2023 MTA Legislative Priorities
Increase Funding for Truck Driver and Diesel Technician Training
Minnesota’s supply chain requires a steady influx of trained professional truck drivers and diesel technicians to efficiently move the state’s freight. Unfortunately, Minnesota is facing a significant shortage of students in these programs. According to the Minnesota Department of Employment and Economic Development, there were 7,771 job openings for motor vehicle operators in the 4th Quarter of 2021. Tuition, cost of living while being trained, new federal training requirements and access to state-of-the-art engines, tractors and trailers are barriers to graduating an adequate number of effectively trained students. Legislative Action: Establish a grant program to cover the costs of driver and technician training, and provide funding to upgrade engines, trucks and trailers at the state’s training programs.
Limit Expansion of Recreational Marijuana
Under Federal regulation, professional truck drivers are prohibited from using marijuana. Any change in Minnesota law will not change this fact. However, expanding the legal use of recreational marijuana will reduce our available labor pool and make Minnesota roadways less safe. We believe marijuana legalization should not be expanded unless ALL of the very real public safety and societal risks and costs are addressed. Legislative Action: Ensure that any legislation directly addresses risks and costs associated with any expanded authorized use.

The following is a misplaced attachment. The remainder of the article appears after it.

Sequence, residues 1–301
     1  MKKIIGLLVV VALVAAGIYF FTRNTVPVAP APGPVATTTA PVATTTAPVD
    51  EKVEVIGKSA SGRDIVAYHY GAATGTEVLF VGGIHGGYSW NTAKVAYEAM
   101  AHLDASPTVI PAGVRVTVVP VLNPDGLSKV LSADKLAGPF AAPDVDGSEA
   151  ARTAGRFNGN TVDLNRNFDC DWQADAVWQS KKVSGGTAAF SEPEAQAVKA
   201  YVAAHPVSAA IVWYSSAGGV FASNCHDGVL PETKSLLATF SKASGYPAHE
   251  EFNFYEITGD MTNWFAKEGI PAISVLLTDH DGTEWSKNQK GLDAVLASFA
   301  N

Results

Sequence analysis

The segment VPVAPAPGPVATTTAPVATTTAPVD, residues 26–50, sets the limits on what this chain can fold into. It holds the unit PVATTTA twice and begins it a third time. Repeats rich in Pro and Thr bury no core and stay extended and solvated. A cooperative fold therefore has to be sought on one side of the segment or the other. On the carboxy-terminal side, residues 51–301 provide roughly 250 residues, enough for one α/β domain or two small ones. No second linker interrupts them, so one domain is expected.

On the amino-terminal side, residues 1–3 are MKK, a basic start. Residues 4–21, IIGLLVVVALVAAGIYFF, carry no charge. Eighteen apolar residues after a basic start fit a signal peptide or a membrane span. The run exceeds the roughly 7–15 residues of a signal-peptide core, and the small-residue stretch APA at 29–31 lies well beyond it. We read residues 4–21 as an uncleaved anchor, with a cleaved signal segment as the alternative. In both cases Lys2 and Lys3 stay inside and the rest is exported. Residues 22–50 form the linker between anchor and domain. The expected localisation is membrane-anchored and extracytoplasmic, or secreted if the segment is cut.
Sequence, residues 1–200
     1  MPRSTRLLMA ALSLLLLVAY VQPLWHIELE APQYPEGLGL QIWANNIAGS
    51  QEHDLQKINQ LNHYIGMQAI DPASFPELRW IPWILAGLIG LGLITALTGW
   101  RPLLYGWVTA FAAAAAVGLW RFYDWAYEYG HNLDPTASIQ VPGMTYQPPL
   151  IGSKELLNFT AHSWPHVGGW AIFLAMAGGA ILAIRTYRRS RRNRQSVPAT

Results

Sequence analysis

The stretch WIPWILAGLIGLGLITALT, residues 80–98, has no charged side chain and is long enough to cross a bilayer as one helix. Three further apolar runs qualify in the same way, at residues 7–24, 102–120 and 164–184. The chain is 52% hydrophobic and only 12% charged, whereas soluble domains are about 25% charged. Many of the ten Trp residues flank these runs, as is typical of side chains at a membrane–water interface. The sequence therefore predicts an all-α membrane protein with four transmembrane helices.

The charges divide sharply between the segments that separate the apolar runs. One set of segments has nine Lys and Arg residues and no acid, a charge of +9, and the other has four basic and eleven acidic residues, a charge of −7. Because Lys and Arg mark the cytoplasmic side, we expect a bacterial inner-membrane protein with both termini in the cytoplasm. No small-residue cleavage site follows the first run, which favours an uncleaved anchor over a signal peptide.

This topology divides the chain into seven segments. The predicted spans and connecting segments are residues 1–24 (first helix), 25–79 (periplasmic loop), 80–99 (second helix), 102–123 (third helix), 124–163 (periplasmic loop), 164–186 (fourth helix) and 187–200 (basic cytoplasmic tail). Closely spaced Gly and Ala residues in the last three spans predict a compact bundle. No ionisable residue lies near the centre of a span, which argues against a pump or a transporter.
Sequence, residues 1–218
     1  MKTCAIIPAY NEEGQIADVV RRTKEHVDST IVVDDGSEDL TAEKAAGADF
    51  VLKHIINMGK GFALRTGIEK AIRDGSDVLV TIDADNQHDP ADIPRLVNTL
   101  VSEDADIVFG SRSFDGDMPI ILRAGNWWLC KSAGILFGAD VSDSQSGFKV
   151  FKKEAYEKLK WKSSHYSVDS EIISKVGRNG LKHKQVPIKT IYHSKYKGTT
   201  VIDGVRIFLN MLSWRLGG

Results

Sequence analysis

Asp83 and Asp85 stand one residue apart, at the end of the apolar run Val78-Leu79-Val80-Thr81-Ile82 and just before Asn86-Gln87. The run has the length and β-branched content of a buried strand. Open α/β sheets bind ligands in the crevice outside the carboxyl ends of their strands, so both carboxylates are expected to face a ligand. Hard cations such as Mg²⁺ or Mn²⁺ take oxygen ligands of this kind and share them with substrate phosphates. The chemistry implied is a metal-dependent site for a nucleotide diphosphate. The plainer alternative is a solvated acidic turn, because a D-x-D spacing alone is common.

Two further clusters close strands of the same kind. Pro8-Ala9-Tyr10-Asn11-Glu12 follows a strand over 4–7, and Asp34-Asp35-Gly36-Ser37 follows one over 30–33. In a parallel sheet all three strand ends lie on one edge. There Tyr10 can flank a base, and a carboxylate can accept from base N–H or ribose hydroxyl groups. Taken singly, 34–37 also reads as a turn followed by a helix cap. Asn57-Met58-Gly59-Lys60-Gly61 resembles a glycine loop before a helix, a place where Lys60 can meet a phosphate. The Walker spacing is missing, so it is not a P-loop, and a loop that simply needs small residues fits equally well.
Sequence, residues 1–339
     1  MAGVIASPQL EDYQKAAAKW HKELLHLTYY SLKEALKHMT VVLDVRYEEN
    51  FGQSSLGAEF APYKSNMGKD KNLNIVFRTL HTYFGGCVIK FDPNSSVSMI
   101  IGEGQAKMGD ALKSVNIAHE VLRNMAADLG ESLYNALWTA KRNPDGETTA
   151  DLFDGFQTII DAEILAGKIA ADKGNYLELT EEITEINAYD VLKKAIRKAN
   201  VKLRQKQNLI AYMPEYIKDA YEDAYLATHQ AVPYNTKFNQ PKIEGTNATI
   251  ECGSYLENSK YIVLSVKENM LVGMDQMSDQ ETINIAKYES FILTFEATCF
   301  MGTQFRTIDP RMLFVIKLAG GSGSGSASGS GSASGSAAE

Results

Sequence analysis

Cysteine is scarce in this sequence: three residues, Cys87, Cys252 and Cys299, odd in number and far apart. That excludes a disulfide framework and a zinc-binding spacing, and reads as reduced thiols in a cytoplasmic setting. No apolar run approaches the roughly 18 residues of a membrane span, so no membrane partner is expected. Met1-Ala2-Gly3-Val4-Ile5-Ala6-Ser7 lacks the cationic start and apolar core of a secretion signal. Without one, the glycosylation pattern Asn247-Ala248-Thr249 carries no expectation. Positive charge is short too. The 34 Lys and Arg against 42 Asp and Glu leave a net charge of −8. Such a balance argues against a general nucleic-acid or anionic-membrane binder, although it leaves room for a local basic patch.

Increase Funding for Truck Parking
The trucking industry faces a major truck parking shortage. This was validated by a 2019 MnDOT Truck Parking Study, which found the need for targeted expansion of truck parking at Minnesota trunk highway public rest areas. Lack of adequate parking increases driver fatigue, reduces highway safety and discourages people from pursuing the career. Legislative Action: Increase funding for truck parking on major Minnesota truck routes.
Apply No-fault Insurance Model to BOTH Passenger Cars and Commercial Trucks
Minnesota’s No-Fault system is a fair process requiring insurance carriers to resolve their own clients’ claims. It relieves our burdened court system from needless fights between insurance companies. However, operators of commercial motor vehicles weighing over 5,500 pounds in Minnesota are specifically excluded from the no-fault framework. As a result, they are left to fight with their own insurance company and, maybe, the other party and their insurance company. The fight frequently results in needless court cases. No other state with no-fault laws abandons commercial motor vehicles on the island Minnesota does. Legislative Action: Eliminate the commercial motor vehicle exception in Minnesota Statute Section 65B.53.